Memory-Based Deception Detection: Extending the Cognitive Signature of Lying From Instructed to Self-Initiated Cheating

Linda M. Geven, Gershon Ben-Shakhar, Merel Kindt, Bruno Verschuere

Research output: Contribution to journalArticlepeer-review


From a cognitive perspective, lying can be regarded as a complex cognitive process requiring the interplay of several executive functions. Meta-analytic research on 114 studies encompassing 3,307 participants (Suchotzki, Verschuere, Van Bockstaele, Ben-Shakhar, & Crombez, 2017) suggests that computerized paradigms can reliably assess the cognitive burden of lying, with large reaction time differences between lying and truth telling. These studies, however, lack a key ingredient of real-life deception, namely self-initiated behavior. Research participants have typically been instructed to commit a mock crime and conceal critical information, whereas in real life, people freely choose whether or not to engage in antisocial behavior. In this study, participants (n = 433) engaged in a trivia quiz and were provided with a monetary incentive for high accuracy performance. Participants were randomly allocated to either a condition where they were instructed to cheat on the quiz (mimicking the typical laboratory set-up) or to a condition in which they were provided with the opportunity to cheat, yet without explicit instructions to do so. Assessments of their response times in a subsequent Concealed Information Test (CIT) revealed that both instructed cheaters (n = 107) and self-initiated cheaters (n = 142) showed the expected RT-slowing for concealed information. The data indicate that the cognitive signature of lying is not restricted to explicitly instructed cheating, but it can also be observed for self-initiated cheating. These findings are highly encouraging from an ecological validity perspective.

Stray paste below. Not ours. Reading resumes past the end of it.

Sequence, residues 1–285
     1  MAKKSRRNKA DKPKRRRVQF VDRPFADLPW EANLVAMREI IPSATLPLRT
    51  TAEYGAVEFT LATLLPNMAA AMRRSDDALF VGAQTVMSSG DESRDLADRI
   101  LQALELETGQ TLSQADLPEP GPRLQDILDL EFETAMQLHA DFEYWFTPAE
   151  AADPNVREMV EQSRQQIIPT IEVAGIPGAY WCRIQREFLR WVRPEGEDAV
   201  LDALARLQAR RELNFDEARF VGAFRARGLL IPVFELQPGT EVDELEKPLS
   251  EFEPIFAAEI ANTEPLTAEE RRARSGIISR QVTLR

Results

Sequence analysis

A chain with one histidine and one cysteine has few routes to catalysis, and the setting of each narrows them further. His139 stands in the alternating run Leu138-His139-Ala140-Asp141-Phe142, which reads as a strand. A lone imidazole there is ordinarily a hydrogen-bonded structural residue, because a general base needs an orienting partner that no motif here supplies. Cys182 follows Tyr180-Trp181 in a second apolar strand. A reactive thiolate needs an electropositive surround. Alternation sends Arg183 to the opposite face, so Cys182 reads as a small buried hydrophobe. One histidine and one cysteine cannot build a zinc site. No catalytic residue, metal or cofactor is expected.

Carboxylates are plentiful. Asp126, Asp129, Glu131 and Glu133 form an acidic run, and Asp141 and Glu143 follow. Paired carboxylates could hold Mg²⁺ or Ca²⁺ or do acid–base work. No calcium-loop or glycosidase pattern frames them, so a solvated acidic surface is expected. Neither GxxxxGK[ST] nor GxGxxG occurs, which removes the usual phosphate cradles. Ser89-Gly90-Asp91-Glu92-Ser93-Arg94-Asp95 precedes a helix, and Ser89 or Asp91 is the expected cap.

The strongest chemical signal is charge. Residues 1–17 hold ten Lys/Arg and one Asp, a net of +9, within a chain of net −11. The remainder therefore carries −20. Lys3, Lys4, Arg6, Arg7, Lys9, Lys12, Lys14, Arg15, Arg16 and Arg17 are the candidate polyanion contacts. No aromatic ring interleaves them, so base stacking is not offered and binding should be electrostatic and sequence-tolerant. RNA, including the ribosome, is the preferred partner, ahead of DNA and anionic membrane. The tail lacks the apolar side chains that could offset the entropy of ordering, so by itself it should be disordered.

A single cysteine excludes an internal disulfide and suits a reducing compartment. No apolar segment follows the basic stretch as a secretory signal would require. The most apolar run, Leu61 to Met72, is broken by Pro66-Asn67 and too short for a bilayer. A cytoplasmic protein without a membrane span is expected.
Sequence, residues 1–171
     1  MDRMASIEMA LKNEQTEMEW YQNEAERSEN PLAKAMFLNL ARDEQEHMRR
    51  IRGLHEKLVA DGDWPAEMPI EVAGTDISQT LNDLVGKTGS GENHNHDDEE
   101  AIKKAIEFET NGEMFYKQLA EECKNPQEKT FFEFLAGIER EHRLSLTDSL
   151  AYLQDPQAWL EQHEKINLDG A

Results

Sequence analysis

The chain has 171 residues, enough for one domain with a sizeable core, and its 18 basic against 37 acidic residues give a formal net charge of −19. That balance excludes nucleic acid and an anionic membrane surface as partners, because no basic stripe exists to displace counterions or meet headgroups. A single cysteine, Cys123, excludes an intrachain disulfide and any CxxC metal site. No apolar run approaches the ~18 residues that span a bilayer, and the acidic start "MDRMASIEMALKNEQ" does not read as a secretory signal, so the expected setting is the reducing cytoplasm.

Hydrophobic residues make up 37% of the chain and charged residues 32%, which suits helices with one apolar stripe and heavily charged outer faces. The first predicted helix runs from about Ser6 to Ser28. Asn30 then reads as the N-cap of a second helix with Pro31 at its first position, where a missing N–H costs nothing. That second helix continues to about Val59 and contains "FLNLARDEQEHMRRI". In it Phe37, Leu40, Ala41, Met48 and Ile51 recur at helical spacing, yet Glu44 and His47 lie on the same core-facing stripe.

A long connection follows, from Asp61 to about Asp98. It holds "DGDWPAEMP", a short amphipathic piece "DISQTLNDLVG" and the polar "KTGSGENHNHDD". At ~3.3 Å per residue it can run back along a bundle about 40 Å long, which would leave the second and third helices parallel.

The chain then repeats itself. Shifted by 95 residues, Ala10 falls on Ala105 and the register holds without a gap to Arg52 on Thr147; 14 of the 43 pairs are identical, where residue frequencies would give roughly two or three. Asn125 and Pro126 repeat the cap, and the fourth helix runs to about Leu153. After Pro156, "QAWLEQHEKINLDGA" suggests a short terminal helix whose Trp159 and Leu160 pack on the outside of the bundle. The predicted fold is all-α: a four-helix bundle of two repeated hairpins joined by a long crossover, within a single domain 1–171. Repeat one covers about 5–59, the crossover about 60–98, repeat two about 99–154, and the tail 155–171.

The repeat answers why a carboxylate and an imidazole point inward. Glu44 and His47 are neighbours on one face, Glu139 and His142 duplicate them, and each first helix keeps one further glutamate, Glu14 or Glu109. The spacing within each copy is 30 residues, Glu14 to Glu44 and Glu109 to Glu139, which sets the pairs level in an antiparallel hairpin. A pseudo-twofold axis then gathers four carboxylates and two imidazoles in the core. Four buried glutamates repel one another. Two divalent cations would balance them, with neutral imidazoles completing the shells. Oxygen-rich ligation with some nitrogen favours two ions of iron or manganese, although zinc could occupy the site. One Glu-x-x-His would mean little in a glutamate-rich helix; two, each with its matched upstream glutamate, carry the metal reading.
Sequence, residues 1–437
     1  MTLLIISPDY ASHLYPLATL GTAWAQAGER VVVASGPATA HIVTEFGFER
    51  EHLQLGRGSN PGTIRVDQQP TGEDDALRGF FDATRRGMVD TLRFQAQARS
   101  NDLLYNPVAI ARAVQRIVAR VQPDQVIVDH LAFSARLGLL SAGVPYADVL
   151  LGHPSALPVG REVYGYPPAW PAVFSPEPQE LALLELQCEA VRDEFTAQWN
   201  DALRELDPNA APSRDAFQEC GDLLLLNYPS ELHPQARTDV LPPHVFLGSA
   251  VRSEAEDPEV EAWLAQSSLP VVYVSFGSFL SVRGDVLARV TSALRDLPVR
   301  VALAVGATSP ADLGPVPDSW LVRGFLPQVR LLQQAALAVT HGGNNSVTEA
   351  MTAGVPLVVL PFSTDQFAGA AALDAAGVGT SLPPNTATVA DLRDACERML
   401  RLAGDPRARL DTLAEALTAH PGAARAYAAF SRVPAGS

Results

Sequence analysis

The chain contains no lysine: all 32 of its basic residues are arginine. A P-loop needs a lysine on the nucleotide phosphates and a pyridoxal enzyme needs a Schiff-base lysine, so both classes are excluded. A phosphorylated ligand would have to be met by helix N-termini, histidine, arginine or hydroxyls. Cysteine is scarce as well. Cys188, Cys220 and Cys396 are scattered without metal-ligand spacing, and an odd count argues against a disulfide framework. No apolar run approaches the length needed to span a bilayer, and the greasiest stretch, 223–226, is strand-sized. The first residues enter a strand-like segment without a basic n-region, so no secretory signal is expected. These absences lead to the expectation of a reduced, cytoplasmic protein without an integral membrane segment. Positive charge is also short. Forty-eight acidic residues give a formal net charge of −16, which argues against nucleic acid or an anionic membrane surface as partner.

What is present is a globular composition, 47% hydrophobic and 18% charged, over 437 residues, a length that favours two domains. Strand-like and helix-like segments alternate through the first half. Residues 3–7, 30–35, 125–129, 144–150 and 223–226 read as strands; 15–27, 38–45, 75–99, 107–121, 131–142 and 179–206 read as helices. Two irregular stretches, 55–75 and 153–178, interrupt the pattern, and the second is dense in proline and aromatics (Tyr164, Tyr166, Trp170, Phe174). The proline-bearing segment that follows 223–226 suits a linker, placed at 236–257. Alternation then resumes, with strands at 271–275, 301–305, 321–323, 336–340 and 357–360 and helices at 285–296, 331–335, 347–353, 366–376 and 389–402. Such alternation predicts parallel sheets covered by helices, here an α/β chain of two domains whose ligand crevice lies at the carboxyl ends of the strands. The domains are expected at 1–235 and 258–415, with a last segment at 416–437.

Original languageEnglish
Pages (from-to)608-631
Number of pages24
JournalTopics in Cognitive Science
Issue number2
StatePublished - 1 Apr 2020
Externally publishedYes

Bibliographical note

Publisher Copyright:
Copyright © 2018 The Authors. Topics in Cognitive Science published by Wiley Periodicals, Inc. on behalf of Cognitive Science Society. Inc


  • Cheating
  • Concealed Information Test (CIT)
  • Deception
  • External validity
  • Honesty
  • Memory detection


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